Size Matters, But Not the Way You Think

This past weekend I played and finished Divinity II: Ego Dragonis, the first long-form fantasy RPG I’ve followed through to completion in years. It’s not exactly that Divinity II is the best RPG I’ve played in the past few years, though it was a fine example of the form and did a lot of things that I really liked. It was more that the stars aligned in just the right way to keep me interested and with enough time to follow the game down its long and winding road.

The truth is you would need all of your digits and maybe a friend’s as well to count the number of major RPG games I’ve dabbled in for a little while and then unceremoniously dumped like a jilted lover. Even Dragon Age 2, which I really did enjoy, is still waiting deep in the final act of the game to have its last half dozen or so hours played out to some kind of closure. There should be a support group for all the RPGs I’ve left without explanation, often when things seemed to be going so well and we were just really getting to know each other. Among its sad membership would be counted the likes of Dragon Age Origins, Planescape Torment, both Baldur’s Gates, a handful of Final Fantasies, both The Witchers and every Elder Scrolls game made.

Sorry, RPGs. It’s not you. It’s me.

It’s not even a phenomenon localized to role playing games, I’ve been every bit as neglectful to other genres and flavors of gaming. My Steam list of games is a hall of shame of unfinished games left out in the cold, a digital realization of the island of misfit toys. And in almost all cases the shared sin is the same. The games were just too damned long.

I received a question on Twitter the other day following a comment about Deus Ex. The person said after 20 hours of play they had gotten to place X (redacted for those of you who haven’t played Deus Ex -- just go play it damn it) and they had the sense that there was still a lot of game left. And, they were right. They were only about halfway through. When I confirmed the questionably bad news, the response was one of wavering resolve; a comment about being spoiled on the modern ten hour game. Well you and me both, pal.

I understand, I genuinely do, those who love to get 40, 50, 80, 100 hours of fun out of a $50 investment. I’m an old school gamer, the kind that dropped endless quarters into Time Pilot and Dig Dug in the arcade next to my local Winn Dixie supermarket as a boy before going home to get in some bonus time with Telengard on my Apple II, so I know the legacy of the medium because I have lived it. PC games of yore were just long as a rule, whether they were RPGs, adventure games or even shooters. That’s just sort of how we did it back in the old days. It wasn’t a PC game if it didn’t take you a work week to finish.

That was fine for me at the time, partly because I was creeping up on my tenth birthday and had some time to kill and partly because as a kid I could really only afford a game every few months or so. The economics of the situation are different when you are ten than when you are forty, and to pretend otherwise would be silly. That said, I sympathize with those who either through necessity or self-imposed rule, limit their game purchases to one every other month or so in this modern era of shorter games that are barely longer than a Robert Altman film, but I am not counted among your fraternity. No, now with all the trappings of adulthood, my currencies have flip-flopped. Where once I enjoyed a relative wealth of time but not of currency, now the opposite is sort of true.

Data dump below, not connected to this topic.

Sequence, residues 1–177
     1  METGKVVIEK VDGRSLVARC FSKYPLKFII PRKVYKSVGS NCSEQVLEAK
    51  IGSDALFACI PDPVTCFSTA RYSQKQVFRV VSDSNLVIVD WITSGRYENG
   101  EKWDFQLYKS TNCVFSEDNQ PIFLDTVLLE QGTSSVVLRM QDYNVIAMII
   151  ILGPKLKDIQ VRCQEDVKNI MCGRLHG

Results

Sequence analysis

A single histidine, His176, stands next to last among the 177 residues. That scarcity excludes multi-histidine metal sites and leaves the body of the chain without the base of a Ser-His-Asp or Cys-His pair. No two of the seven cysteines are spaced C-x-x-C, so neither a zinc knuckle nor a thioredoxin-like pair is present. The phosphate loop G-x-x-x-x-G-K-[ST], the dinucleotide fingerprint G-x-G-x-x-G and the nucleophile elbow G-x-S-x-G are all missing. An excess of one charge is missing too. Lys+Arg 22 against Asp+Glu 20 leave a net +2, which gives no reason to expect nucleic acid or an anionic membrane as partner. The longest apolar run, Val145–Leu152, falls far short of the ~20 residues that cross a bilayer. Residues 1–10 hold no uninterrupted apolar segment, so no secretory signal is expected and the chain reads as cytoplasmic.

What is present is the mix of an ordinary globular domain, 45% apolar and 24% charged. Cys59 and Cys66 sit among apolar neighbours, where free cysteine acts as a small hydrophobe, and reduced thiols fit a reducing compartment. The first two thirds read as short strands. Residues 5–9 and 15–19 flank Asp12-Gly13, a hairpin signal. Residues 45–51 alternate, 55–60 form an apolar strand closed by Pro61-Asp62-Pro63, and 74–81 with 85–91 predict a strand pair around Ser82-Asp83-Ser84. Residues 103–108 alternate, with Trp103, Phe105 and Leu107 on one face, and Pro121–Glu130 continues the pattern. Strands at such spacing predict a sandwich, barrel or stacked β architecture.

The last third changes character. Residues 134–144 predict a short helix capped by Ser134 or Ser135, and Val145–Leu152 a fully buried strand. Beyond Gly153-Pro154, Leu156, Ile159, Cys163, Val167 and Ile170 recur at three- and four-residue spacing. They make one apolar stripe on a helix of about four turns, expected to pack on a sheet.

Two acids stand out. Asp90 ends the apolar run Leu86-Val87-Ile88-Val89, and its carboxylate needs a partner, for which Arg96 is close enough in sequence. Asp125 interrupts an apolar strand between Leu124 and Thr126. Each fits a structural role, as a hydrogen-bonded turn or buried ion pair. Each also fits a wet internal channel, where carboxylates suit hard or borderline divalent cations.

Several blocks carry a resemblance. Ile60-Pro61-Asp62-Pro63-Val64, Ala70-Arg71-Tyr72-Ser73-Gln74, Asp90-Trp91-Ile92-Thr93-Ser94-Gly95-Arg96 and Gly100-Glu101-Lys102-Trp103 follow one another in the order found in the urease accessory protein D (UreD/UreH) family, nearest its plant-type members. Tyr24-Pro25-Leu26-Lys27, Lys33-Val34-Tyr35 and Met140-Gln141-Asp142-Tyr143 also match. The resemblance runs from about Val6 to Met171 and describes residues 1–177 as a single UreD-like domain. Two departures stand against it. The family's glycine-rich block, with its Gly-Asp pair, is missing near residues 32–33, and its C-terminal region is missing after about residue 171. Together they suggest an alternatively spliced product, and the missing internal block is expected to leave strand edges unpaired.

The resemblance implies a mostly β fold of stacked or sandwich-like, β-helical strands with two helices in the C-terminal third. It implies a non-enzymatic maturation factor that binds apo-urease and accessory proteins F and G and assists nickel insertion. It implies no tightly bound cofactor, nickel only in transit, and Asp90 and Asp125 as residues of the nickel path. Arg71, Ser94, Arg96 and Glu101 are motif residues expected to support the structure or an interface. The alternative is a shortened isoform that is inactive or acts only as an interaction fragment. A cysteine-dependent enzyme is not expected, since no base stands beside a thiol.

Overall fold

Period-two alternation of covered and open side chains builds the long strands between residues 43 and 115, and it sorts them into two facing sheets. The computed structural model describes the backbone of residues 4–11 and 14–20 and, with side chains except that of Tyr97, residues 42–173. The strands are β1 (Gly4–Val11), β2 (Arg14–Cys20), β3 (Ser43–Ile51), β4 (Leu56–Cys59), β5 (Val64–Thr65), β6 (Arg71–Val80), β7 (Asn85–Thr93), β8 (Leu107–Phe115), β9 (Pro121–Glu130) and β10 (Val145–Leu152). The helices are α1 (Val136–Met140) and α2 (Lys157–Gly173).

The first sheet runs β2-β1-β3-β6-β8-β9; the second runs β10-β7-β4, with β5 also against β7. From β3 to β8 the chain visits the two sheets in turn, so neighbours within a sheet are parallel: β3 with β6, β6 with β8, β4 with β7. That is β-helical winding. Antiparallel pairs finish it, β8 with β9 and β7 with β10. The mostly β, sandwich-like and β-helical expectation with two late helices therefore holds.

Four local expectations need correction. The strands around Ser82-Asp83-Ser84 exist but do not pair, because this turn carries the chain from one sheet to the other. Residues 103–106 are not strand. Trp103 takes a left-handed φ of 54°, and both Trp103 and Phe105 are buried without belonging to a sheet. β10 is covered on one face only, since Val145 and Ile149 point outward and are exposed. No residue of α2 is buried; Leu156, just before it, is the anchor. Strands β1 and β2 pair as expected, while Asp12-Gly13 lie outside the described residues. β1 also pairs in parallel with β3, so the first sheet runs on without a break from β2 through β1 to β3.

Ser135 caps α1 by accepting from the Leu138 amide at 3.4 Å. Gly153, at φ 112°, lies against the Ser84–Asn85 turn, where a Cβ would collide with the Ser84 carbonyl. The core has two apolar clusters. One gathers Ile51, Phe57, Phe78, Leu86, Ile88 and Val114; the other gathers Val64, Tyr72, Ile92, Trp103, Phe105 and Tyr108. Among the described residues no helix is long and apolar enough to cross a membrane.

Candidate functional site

But, it would be disingenuous to say that the reason I didn’t finish Dragon Age 2 is that I ran out of time. It’s not like there was some kind of timelock on the software that said if I don’t finish by some arbitrary date then the files will self destruct.That game is still sitting there on my machine ready to pick up right where we left off. A deficit of time shouldn’t mean I don’t finish my game, it should just mean it takes me more days to get to the end than it used to, but as we’ve already established that’s not true.

No, my real problem is that with only a few exceptions I don’t have the attention span or even the desire to remain focused on one game for too long. Sure, I’m a recovering World of Warcraft addict with *mumble mumble* hours spent in the wilds of Azeroth, so why not save *mumble mumble* dollars in subscription fees and polish off some of these classic RPGs instead? Well, because, WoW doesn’t require the same level of attention and dedication. WoW isn’t one long thread of story and development told over all those hours, it’s more like an ever changing game that is reinventing itself with each level and each zone. It doesn’t ask me to follow the thread of a bloated story that often seems to be going nowhere, it just says “hey, if you go kill a bunch of mutated wolves, I’ll give you this cool sword and then you can go about whatever other business you’ve got planned.”

To ask why if I can play that much WoW then why can’t I finish Planescape may seem like a legitimate question, but it is exactly as flawed as asking why someone who loved Planescape isn’t naturally addicted to WoW. They just aren’t the same.

So, for me, a seven or eight hour game is just about ideal. Time after time these kinds of games deliver a tight, focused and condensed story that I can follow from A to B without having my age-addled mind become distracted. I am, I admit, part of the problem. I want the sophistication and spectacle that comes with multi-million dollar budgets, and I want the brevity and density that comes with a well crafted 8 or 10 hour game. For a lot of my generation, this kind of deficit of attention is if not medical then criminal. It represents a reduction of the form and a loss of value. It is anathema.